Ernst Lissauer and the Hymn of Hate

One of history's little ironies - a period piece of First World War propaganda from a curious source which rebounded on its author.

The German-Jewish poet Ernst Lissauer is barely remembered. Most of his poems (and other literary works) are now forgotten (even, perhaps particularly, in Germany), but one strill strikes a distant chord: mention the name and there is an almost automatic reflex reaction – that 'Hymn of Hate against England':

We love as one, we hate as one,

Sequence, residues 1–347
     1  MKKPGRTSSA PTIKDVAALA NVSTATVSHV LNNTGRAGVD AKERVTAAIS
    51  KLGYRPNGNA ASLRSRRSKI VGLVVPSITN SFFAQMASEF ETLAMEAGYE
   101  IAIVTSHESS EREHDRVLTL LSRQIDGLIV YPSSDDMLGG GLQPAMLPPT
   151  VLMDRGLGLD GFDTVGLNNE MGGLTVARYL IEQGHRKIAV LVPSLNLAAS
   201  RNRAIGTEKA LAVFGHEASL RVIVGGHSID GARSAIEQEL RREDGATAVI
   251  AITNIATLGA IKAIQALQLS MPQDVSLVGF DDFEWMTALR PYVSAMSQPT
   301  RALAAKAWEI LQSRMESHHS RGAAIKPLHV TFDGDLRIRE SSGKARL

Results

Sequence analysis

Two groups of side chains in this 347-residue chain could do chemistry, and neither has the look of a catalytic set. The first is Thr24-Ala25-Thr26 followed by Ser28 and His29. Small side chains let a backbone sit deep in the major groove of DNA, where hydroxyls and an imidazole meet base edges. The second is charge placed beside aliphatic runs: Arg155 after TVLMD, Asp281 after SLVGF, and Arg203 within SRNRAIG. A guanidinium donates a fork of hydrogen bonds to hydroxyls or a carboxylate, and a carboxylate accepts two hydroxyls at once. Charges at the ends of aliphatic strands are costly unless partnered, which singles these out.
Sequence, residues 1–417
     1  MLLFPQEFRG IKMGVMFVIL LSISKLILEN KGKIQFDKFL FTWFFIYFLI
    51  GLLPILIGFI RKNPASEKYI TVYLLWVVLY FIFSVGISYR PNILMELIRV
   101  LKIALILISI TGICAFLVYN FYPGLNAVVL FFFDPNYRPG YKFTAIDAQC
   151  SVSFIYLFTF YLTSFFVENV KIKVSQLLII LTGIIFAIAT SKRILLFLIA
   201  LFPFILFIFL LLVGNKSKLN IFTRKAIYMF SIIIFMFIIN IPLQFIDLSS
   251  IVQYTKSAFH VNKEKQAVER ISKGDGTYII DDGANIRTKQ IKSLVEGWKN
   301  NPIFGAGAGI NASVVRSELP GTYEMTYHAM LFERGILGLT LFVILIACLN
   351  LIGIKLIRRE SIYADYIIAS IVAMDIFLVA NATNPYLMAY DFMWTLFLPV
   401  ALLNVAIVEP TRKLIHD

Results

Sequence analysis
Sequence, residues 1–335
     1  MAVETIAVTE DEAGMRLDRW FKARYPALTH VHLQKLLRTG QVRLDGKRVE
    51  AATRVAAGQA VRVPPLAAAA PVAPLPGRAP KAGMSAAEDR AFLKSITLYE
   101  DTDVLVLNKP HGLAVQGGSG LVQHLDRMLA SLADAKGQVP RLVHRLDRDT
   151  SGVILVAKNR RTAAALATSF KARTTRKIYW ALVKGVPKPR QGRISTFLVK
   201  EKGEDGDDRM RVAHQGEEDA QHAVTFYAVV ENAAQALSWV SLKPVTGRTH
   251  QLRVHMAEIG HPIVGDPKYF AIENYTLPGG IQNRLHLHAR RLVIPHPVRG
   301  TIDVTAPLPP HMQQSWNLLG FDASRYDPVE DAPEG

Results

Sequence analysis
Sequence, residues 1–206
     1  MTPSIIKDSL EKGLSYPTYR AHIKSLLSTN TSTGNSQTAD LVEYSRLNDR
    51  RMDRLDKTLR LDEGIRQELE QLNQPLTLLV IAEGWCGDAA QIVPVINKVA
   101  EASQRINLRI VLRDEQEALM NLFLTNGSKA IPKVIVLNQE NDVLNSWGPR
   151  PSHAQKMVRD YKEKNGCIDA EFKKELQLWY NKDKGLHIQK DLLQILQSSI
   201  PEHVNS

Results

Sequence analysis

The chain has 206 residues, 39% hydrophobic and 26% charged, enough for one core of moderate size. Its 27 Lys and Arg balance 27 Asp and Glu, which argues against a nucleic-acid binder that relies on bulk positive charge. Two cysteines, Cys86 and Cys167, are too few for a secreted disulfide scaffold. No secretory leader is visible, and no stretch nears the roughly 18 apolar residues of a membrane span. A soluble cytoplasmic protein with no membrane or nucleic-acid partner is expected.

We have one foe and one alone –

This became his trademark, the 'Hymn' that made him famous (or notorious), and no regret, disclaimer or remorse could 'cancel half a line, or all the tears wash out a word of it'.

To continue reading this article you will need to purchase access to the online archive.

Buy Online Access  Buy Print & Archive Subscription

If you have already purchased access, or are a print & archive subscriber, please ensure you are logged in.

Please email if you have any problems.